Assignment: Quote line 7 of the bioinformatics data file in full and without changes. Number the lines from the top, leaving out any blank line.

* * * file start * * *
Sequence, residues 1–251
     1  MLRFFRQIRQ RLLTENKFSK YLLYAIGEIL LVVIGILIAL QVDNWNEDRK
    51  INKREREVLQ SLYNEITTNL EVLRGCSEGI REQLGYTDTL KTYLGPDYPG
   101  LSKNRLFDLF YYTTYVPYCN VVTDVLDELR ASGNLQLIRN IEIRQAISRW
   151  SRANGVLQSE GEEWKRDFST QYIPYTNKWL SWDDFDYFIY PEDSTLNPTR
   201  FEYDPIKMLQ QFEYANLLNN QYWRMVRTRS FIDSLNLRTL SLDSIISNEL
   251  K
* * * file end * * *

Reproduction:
   251  K